NYPD Confidential - An Inside Look at the New York Police Department
Home Page
All Columns
Contact Leonard Levitt
Search this site
Printable versionSend to a friendEmail Leonard Levitt

Story behind crime statistics

February 3, 1999

Former Deputy Mayor Randy Mastro yesterday offered an explanation for why the administration of Mayor Rudolph Giuliani withheld news for six months that subway crime was underreported: fear that the press would distort the story.

Speaking at a First Amendment Forum sponsored by the Columbia University Graduate School of Journalism and in a subsequent telephone conversation, Mastro offered no legal justification for the Giuliani administration's delay in releasing statistics showing that subway crimes had been underreported for some three decades - including by as much as 20 percent in 1996.

The Daily News had filed a freedom-of-information law request for the records in August, 1997. According to Daily News counsel Eve Burton, who appeared with Mastro at the forum, the statistics were released only after the News threatened to file a lawsuit the following day.

While pointing out that he was not part of the decision-making process in the subway crime statistics matter, Mastro said at the forum that releasing the new subway crime figures might have "cast doubt" on the city's overall, citywide crime statistics. Police have said the overall statistics were accurate because the missing subway crimes were reported at the precinct level.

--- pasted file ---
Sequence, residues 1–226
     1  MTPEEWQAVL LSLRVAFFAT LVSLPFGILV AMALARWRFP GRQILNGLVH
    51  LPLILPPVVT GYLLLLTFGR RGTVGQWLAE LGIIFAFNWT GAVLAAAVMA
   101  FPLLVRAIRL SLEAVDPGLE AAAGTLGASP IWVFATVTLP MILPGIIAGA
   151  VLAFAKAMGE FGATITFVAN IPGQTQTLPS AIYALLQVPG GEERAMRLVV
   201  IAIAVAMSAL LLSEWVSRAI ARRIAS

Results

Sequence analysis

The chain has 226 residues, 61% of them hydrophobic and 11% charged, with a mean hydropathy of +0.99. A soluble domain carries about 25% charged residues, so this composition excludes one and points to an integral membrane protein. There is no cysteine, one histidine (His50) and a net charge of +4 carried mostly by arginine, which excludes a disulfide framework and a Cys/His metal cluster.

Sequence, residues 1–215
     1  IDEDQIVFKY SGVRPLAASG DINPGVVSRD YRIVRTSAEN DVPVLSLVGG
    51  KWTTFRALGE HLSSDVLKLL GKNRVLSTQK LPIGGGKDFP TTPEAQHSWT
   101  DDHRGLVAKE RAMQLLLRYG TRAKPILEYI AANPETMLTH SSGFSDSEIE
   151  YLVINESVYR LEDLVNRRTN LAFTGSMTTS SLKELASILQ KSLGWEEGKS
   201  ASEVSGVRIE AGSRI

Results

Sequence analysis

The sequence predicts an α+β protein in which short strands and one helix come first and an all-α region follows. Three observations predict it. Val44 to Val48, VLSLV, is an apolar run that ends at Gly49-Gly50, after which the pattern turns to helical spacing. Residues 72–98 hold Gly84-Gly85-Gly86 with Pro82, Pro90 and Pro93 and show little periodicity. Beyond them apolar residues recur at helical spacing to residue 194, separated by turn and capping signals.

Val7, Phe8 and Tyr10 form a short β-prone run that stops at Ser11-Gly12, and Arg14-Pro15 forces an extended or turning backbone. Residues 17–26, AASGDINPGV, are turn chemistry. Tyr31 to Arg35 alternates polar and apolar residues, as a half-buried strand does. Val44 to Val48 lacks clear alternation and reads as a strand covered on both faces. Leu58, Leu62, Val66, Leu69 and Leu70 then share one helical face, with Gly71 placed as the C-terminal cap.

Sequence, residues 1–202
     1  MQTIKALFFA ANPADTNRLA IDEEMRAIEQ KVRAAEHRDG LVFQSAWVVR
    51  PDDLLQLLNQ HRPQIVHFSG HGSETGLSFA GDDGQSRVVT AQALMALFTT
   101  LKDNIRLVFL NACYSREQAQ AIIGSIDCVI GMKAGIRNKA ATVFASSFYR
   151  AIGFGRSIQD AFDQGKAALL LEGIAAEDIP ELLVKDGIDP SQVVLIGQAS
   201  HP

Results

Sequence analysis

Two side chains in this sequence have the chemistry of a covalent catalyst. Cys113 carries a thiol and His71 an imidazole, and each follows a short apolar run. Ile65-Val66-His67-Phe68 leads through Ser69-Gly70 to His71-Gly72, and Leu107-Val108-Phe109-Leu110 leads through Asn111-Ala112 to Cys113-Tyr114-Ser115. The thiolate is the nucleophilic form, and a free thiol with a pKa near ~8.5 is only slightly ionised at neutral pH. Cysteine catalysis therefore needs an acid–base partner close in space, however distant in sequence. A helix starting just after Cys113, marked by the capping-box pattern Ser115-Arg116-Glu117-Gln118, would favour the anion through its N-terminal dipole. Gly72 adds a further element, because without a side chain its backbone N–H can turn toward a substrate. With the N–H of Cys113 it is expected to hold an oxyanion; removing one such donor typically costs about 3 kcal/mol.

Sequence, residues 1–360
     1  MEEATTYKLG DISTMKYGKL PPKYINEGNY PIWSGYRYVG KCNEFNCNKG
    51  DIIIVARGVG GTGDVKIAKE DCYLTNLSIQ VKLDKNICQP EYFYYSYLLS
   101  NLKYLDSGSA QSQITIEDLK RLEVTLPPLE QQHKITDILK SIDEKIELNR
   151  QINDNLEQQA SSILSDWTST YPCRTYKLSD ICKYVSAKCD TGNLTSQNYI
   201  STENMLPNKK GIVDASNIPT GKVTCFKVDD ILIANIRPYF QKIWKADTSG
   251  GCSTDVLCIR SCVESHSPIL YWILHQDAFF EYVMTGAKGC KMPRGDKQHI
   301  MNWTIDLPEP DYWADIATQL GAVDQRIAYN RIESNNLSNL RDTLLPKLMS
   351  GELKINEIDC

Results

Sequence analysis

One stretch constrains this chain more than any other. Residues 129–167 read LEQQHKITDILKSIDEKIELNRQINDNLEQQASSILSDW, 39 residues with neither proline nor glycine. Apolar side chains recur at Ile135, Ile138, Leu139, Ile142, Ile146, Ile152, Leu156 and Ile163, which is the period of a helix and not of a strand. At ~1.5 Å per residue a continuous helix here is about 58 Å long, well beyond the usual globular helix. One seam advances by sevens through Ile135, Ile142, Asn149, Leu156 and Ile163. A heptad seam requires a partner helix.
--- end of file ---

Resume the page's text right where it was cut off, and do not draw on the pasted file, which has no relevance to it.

"I'm sure there was real concern about the integrity of the larger issue," Mastro said.

That "issue" is the citywide crime statistics, which show unprecedented reductions in virtually all categories of crime. Those reductions have become the cornerstone of Giuliani's mayoralty, as well as a key part of the re-election campaign he was in the midst of when the Daily News filed the request.

In a phone conversation, Mastro, now a lawyer with the midtown firm of Gibson, Dunn and Crutcher, which specializes in First Amendment issues, added, "This instance points out the genuine concerns that the administration had about the accuracy of the press reporting about the overall crime statistics, which were in fact accurate and were not affected in any way by this transit issue."

The state freedom-of-information law does allow city officials to withhold data, for example, if it would invade privacy or disclose confidential law-enforcement techniques. But the law says nothing about keeping information secret if it might be misinterpreted or embarrass city officials.

After the Police Department released the statistics in January, 1998, two months after the mayoral election, Kenneth Donohue resigned as chief of the newly created Transportation Bureau and Vincent DeMarino, a deputy inspector, was disciplined. Police Commissioner Howard Safir downgraded the Transporation Bureau to division status later last year.

Donohue has maintained he retired because of an illness and he was the one who discovered the underreporting.

Burton said the News gave City Hall an ultimatum, saying it would file suit on Jan. 8 if the city failed to provide the promised statistics. Instead, on Jan. 7, Safir held a news conference at One Police Plaza and announced the subway crime underreporting, taking credit for its discovery.

« Back to top

© 1999 Newsday, Inc. Reprinted with permission.